Marine conservation

Marine conservation: a climate change mitigation strategy?

The first concrete proof that marine conservation slows climate change is found by scientists.

Marine protected areas safeguard the oceans, seas, and estuaries.
These areas aid in the preservation of the wildlife and vegetation unique to these waterways, but protected areas have many benefits that extend well beyond their borders.
In a paper that was just released in the journal One Earth, a team of scientists explains how marine protected areas enhance ecological and social adaptation to climate change and aid in

Marine protected areas are becoming more and more popular as an ocean-based climate solution.
Due to the fragmented and poorly integrated literature on the benefits of marine protected areas for the climate, these statements continue to be debatable, the scientists conclude.
We conducted a thorough literature assessment of 22,403 publications covering 241 marine protected areas in order to fill this information gap.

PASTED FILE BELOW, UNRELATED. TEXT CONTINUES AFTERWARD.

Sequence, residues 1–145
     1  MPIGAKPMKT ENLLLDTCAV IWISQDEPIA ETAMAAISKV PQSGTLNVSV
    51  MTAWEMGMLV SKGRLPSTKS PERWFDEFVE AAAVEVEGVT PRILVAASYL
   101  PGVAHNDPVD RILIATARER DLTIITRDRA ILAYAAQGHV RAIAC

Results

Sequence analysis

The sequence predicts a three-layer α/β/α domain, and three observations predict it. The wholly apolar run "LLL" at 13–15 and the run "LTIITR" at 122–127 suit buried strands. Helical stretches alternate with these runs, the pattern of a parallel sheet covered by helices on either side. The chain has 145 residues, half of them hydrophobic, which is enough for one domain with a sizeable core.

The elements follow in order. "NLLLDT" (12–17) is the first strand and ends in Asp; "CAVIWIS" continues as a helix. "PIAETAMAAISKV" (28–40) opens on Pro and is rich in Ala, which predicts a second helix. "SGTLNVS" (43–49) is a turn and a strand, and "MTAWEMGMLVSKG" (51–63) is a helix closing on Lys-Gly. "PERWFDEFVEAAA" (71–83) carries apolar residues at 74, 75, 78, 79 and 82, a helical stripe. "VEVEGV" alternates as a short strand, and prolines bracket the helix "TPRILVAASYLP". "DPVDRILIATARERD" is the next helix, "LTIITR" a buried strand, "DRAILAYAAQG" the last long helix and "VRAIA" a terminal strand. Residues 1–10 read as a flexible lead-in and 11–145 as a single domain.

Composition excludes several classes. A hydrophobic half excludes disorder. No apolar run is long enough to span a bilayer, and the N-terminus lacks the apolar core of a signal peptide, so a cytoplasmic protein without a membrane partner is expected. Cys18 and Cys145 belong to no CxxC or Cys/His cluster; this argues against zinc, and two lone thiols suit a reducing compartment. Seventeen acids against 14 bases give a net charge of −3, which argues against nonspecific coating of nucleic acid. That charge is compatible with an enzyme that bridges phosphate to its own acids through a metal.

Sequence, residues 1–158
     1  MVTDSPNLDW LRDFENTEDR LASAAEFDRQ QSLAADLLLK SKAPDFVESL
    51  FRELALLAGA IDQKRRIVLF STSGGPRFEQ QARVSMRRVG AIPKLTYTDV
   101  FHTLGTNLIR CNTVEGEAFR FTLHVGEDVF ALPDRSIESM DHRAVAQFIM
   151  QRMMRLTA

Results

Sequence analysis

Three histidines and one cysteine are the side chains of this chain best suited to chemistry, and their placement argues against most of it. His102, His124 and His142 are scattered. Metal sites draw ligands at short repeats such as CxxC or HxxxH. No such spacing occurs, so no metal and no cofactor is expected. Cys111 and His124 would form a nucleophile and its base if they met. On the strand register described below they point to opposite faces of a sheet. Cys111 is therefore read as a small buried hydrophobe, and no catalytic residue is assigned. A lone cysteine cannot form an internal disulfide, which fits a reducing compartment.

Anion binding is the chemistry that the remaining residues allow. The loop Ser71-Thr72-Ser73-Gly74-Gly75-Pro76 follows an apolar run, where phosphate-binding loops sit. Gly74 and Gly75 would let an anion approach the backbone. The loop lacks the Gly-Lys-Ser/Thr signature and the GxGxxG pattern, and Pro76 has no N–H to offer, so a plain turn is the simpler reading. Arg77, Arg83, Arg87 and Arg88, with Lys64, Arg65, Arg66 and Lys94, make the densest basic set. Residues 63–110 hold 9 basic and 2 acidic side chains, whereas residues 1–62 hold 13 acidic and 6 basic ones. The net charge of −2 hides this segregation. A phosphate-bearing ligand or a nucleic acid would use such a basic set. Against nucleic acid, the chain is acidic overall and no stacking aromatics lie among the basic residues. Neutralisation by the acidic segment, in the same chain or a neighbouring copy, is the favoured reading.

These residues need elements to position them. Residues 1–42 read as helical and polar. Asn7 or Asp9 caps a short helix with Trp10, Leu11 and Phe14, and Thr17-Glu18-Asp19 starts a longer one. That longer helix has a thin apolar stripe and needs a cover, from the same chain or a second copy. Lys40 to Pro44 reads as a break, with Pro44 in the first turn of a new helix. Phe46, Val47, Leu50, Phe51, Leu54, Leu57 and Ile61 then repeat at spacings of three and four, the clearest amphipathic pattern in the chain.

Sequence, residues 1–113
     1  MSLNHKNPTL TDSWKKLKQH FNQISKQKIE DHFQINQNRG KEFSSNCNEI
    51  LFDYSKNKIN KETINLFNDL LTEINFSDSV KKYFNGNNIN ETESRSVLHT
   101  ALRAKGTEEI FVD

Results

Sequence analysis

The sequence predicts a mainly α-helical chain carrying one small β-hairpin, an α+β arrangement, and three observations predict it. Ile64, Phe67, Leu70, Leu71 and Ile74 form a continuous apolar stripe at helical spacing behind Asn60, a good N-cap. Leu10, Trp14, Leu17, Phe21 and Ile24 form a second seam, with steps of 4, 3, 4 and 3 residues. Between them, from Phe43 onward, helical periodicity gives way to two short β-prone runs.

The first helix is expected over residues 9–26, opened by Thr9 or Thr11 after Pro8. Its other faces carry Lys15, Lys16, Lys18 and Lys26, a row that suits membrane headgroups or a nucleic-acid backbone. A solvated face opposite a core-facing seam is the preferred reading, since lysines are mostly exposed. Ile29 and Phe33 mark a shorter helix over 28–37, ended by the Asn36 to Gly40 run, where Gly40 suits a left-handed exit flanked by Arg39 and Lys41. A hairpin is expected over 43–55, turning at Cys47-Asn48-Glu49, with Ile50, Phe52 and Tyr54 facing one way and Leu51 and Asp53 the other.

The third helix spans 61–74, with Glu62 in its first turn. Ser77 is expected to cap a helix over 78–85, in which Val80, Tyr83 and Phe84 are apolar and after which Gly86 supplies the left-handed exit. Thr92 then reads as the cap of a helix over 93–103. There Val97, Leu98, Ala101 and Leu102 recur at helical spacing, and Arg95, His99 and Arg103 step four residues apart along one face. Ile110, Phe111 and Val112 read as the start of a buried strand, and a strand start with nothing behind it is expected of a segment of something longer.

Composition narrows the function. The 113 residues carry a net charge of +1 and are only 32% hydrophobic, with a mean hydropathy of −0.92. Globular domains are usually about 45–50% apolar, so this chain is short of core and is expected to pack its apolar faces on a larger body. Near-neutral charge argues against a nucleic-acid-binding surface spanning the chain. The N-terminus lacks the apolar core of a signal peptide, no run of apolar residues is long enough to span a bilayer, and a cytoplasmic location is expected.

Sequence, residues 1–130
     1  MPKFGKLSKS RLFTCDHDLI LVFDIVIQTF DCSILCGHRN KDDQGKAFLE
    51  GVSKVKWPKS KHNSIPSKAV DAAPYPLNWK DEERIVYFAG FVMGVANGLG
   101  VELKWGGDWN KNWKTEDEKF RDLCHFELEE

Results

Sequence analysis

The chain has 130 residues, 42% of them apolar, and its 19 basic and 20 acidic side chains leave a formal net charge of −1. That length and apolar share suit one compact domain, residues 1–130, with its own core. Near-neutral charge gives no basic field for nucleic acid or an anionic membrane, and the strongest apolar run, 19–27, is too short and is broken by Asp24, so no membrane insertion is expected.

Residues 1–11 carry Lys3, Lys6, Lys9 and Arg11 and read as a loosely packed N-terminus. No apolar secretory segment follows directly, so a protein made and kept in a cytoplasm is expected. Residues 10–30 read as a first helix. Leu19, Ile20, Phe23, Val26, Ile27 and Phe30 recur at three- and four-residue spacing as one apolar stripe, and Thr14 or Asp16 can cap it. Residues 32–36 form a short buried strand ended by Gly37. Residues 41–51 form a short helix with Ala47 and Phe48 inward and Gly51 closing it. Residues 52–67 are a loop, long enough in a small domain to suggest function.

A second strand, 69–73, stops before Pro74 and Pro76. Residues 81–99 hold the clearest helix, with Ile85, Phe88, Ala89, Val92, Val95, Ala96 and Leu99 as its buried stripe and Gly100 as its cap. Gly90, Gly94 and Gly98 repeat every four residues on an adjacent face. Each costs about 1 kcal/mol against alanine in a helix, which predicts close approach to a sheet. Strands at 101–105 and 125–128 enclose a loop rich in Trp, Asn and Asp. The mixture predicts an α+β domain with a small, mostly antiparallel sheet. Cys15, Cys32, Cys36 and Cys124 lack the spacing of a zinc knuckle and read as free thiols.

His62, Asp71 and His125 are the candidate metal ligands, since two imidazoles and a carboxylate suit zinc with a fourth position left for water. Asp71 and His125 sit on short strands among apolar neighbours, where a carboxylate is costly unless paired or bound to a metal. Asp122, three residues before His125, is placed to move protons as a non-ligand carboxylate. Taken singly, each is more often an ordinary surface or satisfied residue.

The researchers found that carbon sequestration dramatically improved in locations with maritime protection for seagrass, mangroves, and areas where silt wasn’t trawled.
They conclude that even minor human impacts result in significant carbon releases since “partial or complete deterioration of mangroves and seagrass both resulted in equivalent losses of stored carbon.”

Additionally to increasing carbon sequestration, conserved habitats enhanced species richness, biodiversity, and showed advantages for humans.
Fish stocks in the waters nearby marine protected areas increased, and these areas had higher food security.
The benefits of these protected areas for mitigation and adaptation, according to the authors, were only fully realised under extremely high levels of protection, and they grew the longer a region was protected.

Only full and high levels of protection produced benefits for mitigation or adaptation across all four routes considered, the authors wrote.
However, low levels of protection had no beneficial effects.
Furthermore, only fully protected regions, where fishing is prohibited, saw gains in species richness and fishers’ revenue.

Everybody has to be able to participate in a future that they want to live for. That’s what technology can do.

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